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Sunday, October 28, 2012

Be Not Afraid of the Dark--A Sermon



Be Not Afraid of the Dark
John Shuck

First Presbyterian Church
Elizabethton, Tennessee

October 28, 2012
All Saints

Have you entered into the springs of the sea,
   or walked in the recesses of the deep?
Have the gates of death been revealed to you,
   or have you seen the gates of deep darkness?
Job 38:16-17

Are You Afraid of the Dark? was a television show in the 90s that my kids watched.    It was a kids’ show on the Nickelodeon channel. The set up for the show was a group of teenagers, “the midnight society” telling scary stories around a fire at night.    Each of the characters told different stories and the stories reflected their personalities.    The message in that is that each of us has our unique dark side.     We are all struggle with and in the dark in our own way.   I think another message of the show was that you gain courage to face the dark when you share your stories with others.

The dark is a fearsome place.   You don’t know what might jump out at you in the dark.    As a child I remember that scary moment between turning off the light in the bedroom and running for the bed to get undercover as soon as possible.   Apparently, I was safe in the bed from whatever dark creatures lurked about in my room.    As long as you get undercover, you are OK.

Last week we explored the metaphor of silence.  This week darkness.   Both silence and darkness point toward the spiritual path of via negativa.    We tend to think darkness is a bad thing.    Even the Gospel of John that we read at Christmas sees darkness as something that wants to get you and take you over.  The promise is this:   

The light shines in the darkness, and the darkness did not overcome it.

True enough.  But darkness is also a path.   For those acquainted with the night, they know, like Robert Frost, that this acquaintance is "neither wrong nor right."    There is something to be learned in the dark.   Poets, the strong ones, the ones we read, have dabbled in the dark.    I think it takes courage to be acquainted with the night and to spend time in darkness. 

In the darkness we keep the things that we don’t want everyone to know.    That is anyone to know, including ourselves.  The darkness hides our vulnerability.    Jung called this aspect of ourselves the shadow side or the dark side.    We prefer to keep that side hidden.  We create elaborate masks to wear in order to show the world that we are people of the light, happy and together and above average.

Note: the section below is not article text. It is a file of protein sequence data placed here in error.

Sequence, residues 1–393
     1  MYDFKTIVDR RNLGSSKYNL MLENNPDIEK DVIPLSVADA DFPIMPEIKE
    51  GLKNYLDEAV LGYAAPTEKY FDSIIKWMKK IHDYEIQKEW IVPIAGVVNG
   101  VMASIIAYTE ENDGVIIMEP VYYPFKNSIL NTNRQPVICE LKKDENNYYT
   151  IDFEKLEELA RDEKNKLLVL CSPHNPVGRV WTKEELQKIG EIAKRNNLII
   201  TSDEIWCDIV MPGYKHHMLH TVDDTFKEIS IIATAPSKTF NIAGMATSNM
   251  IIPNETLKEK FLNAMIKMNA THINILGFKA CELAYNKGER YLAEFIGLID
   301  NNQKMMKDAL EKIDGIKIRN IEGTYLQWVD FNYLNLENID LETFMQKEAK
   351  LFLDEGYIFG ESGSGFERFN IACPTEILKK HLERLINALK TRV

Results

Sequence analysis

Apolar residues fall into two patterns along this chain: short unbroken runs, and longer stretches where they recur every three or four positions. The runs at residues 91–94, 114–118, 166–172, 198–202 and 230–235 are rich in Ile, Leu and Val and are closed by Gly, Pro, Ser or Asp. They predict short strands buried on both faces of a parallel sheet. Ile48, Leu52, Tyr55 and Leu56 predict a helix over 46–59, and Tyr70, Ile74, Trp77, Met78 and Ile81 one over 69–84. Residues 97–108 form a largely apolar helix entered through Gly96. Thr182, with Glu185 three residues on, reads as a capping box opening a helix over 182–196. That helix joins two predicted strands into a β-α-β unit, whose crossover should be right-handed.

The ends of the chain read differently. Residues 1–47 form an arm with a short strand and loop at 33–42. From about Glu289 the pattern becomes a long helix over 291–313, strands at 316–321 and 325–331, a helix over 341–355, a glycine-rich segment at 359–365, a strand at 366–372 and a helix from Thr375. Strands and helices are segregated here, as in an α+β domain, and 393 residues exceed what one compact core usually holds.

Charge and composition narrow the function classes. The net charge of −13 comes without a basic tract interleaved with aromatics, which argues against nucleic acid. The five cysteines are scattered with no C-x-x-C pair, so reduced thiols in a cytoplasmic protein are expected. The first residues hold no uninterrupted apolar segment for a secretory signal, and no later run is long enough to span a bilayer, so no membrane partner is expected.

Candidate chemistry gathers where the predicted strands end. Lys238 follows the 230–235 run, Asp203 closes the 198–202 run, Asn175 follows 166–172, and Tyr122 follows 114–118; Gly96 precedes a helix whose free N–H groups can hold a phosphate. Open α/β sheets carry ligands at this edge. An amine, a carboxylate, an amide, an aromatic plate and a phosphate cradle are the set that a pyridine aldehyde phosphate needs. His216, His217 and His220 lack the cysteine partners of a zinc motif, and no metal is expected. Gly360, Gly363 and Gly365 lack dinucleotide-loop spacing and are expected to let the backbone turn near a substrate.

The via negativa invites us to explore the dark places.   The truth is that if you don’t find what is in the dark, what is in the dark will eventually find you.    One of my favorite sayings of Jesus is from the Gospel of Thomas, which is itself a gospel that had been hidden in the darkness, literally in clay pots for 1700 years.   In this hidden, secret gospel we find this from Jesus:

"If you bring forth what is within you, what you have will save you. If you do not bring it forth, what you do not have within you will kill you."

Every hero must go into the dark.  The great myths of the hero’s quest to slay dragons, find the holy grail, battle Voldemort, rescue the ring, face crucifixion and so on are about entering the dark and discovering the courage to take on what you find.    

The via negativa is not about defeating what is in the dark.  It could be that, but it is also about embracing what is in the dark.    In the dark is a treasure.    That treasure is an aspect of our own self.    The path invites us to find that and bring it into the light where it can be embraced and admired by all.

This is the sense of the passage in the Gospel of John.   The light shines in the darkness not to obliterate the darkness but so it can bring to light what has been hidden there.     When it is hidden we are overwhelmed, saddened, and dis-eased.     When brought to the light it is becomes a source of strength, joy, and healing.    That is the point of the path.  

So God asks Job:

Have you entered into the springs of the sea,
   or walked in the recesses of the deep?
Have the gates of death been revealed to you,
   or have you seen the gates of deep darkness?

The story of Job is the textbook for the via negativa.    

There is a lot to say about Job, that I am not going to say today.   It is enough to know that the character “God” does not come off well.   He and his drinking buddy, Satan, have a spitting contest about who is tougher and Job ends up being the object of this wager.   God lets Satan torture Job to prove that Job will be loyal to God no matter how he suffers.   

Job is not in on this little game.  Neither of course are Job’s friends.    But we are.  Job rejects all of his friends’ theories as to why this might be happening to him.   Job is right even though he doesn’t know why he is right.    The reason Job suffers is because “God” behaves pathologically.   

We are not supposed to say that because we are pious.    We have been taught that the Bible is God’s Word and that God is good.  When we read the Bible we are told that no matter how barbaric God appears God must be right.    The price we pay for piety is that we put halos around bad texts and endorse harmful ethics.